by Rick Pender
33 days ago
Noble Romans, ambitious astronomers, fairy tales and one bad girl
You have more theater choices this weekend than time, I
suspect, so choose carefully depending on the kind of show you most
If it’s a classic, I suggest you check out Julius Caesar
at Cincinnati Shakespeare Company. This tale of one of history’s most
memorable political assassinations is one of Shakespeare’s shorter
plays, about two hours and 15 minutes. But it’s action-packed with a lot of
intrigue, soul-searching and emotions that ebb and flow. Cincy Shakes
relies on its acting ensemble to fill these iconic roles, and they bring
them to life more vividly than I’ve seen in a long time. Josh Katawick
is especially engaging as the leader, “lean and hungry” Cassius, whose
motives are not far below his ambitious surface; Brent Vimtrup is
Brutus, caught up in the plot for reasons of principle rather than envy,
and his subtle performance of this conflicted man is compelling.
Veteran Nick Rose is the blustery soldier Marc Antony, who’s actually a
subtle manipulator of opinion. (We’ll see more of him next month when
Cincy Shakes move on to Shakespeare’s other Roman play, Antony and Cleopatra). Through May 7. Tickets: 513-381-2273.
An engaging new play, Lauren Gunderson’s Silent Sky,
is onstage at Know Theatre, the story of Henrietta Leavitt, a woman of
science from a century ago when women were not expected to have
meaningful insights. But drawn to the mysteries of astronomy, she
tirelessly made advances despite many barriers. Maggie Lou Rader plays
the feisty woman, and her moral support from two older women, played by
Annie Fitzpatrick and Regina Pugh, has elements of humor. This is a
well-acted, well-staged play (direction by Know’s Tamara Winters), worth
seeing. I gave it a Critic’s Pick with my CityBeat review. Through May 14. Tickets: 513-300-5669.
The 2014 movie of Stephen Sondheim and James Lapine’s Into the Woods
featured Meryl Streep, Anna Kendrick, Emily Blunt, James Corden and
Johnny Depp. A production currently onstage at Northern Kentucky
University doesn’t have that kind of star power, but the student cast
does an admirable job with a show that places extraordinary vocal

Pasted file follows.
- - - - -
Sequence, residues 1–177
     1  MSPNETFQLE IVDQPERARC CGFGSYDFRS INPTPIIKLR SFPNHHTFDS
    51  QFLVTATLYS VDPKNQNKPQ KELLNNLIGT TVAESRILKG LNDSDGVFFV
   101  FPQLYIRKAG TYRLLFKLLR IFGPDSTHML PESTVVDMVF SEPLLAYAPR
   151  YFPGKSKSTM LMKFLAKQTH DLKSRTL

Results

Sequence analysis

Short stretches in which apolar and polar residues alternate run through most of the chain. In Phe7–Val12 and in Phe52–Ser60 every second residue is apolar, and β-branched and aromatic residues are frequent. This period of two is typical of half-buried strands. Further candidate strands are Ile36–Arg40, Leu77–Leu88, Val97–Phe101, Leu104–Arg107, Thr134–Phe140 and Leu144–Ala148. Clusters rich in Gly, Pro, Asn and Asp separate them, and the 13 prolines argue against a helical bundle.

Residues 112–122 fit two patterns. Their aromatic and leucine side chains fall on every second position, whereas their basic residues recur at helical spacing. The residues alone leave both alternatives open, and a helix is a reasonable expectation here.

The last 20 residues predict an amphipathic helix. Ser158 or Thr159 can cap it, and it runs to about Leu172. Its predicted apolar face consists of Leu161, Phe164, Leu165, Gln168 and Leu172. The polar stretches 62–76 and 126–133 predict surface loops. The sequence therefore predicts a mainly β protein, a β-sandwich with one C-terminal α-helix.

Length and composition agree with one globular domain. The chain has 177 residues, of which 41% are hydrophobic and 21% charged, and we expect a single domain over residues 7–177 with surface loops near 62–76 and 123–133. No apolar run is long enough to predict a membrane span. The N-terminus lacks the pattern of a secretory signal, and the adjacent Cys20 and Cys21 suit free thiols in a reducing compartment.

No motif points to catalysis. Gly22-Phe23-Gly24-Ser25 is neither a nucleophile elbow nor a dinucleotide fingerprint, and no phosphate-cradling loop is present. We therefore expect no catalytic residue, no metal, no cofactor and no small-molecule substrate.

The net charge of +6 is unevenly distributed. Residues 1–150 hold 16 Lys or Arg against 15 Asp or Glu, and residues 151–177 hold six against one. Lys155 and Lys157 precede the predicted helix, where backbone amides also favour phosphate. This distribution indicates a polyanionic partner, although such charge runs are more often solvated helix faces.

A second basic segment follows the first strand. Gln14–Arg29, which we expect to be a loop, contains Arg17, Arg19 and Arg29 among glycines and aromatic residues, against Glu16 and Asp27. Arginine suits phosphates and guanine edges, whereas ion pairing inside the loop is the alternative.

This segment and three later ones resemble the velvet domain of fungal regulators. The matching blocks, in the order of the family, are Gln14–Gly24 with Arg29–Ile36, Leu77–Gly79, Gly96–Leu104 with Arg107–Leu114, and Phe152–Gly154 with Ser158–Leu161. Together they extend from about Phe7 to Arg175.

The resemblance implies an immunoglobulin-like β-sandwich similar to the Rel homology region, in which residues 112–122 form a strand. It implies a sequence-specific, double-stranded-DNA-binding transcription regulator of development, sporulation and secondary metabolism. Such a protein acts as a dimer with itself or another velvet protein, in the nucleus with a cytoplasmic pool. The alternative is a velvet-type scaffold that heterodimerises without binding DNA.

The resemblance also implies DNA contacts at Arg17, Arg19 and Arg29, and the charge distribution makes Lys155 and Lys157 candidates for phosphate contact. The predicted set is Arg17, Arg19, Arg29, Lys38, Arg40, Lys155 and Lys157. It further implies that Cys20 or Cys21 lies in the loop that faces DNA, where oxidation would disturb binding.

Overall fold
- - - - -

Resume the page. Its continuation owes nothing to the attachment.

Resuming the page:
demands on singers. Director Jamey Strawn hit upon an imaginative
framing device for the legendary fairy tale mash-up, setting it in a
library where a young boy (played with a mischievously expressive
demeanor by Charlie Klesa, a sixth-grader at Mercy Montessori), hides
away for an overnight adventure of reading and fantasizing. As giants
threaten the kingdom, books tumble from the library’s two-story-tall
shelves. Into the Woods requires a big cast, and more than 20 NKU
student actors plus a stylized wooden cow are clearly committed to
giving their all to this production. Opening night on Thursday was an
enthusiastic full house. Through May 1. Tickets: 859-572-5464.
Neil LaBute’s plays traffic in complex, often ironic,
manipulative situations, frequently brutal stories of abusive, selfish
behavior. The Shape of Things, presented by New
Edgecliff Theatre at Hoffner Lodge in Northside, is that kind of story —
about Evelyn, an ambitious young woman who makes an art project of
Adam, another student who thinks their relationship is a love affair.
Rebecca Whatley and Matthew Krieg handle these complicated roles
believably, but you’ll walk away wondering about their motives — she’s
cold, he’s clueless. It’s a compelling, disturbing story that makes for
an evening of edgy, psychological theater. Another Critic’s Pick with my
CityBeat review. Through April 30. Tickets here.There’s a touring production of Disney’s Beauty and the Beast
onstage at the Aronoff Center through Sunday. It’s an entertaining,
visually captivating production. There’s nothing new about it, to be
sure, but the young cast carries off the sprightly songs and
choreography with lots of energy. I wish there was a little more heart
and a little less clowning, especially by Sam Hartley as the Beast,
who’s meant to be a tragic hero. The chemistry between him and Brooke
Quintana as Belle is in the script, but it only shows up intermittently
onstage. Nevertheless, Wednesday night’s full house with lots of kids
dressed for the evening clearly had a good time watching the story
unfold. Through Sunday. Tickets: 513-621-2787.
Quick Notes: True Theater is back for another quarterly
evening of storytelling on Monday evening at 7:30 p.m. Know Theatre.
This time the theme is True Gay, so it will be enlightening to
hear the personal reminiscences that get shared. … At UC’s
College-Conservatory of Music this weekend, the drama program presents a
staged reading of Grace Gardner’s new script, Very Dumb Kids,
tonight 8 p.m. and Saturday at 2 and 8 p.m. It’s the beginning of a new
play commissioning initiative that will foster new works. … This is the
final weekend for David Mamet’s Glengarry Glen Ross at the Incline Theater in East Price Hill and for Jason Robert Brown’s musical, The Last Five Years, at The Carnegie in Covington.
Rick Pender’s STAGE DOOR blog appears here every Friday. Find more theater reviews and feature stories here.
0 Comments · Wednesday, February 5, 2014
With this week’s announcements of the 2014-15 seasons
for touring shows presented by Broadway in Cincinnati and by Cincinnati
Landmark Productions at the Covedale Center for the Performing Arts, you
have more than a dozen choices to consider.
Cincy theaters put good shows on every stage in town
0 Comments · Wednesday, December 26, 2012
Throughout the year I assign “Critic’s
Picks” to noteworthy theatrical productions. As 2012 draws to a close,
it seems like a good time to take a look back at some shows that made
0 Comments · Tuesday, April 10, 2012
Cincinnati no longer has a theater awards
program resembling the Tonys (nominees for the year’s best Broadway
productions will be out soon), but that won’t stop me from naming my
choices for the best shows so far.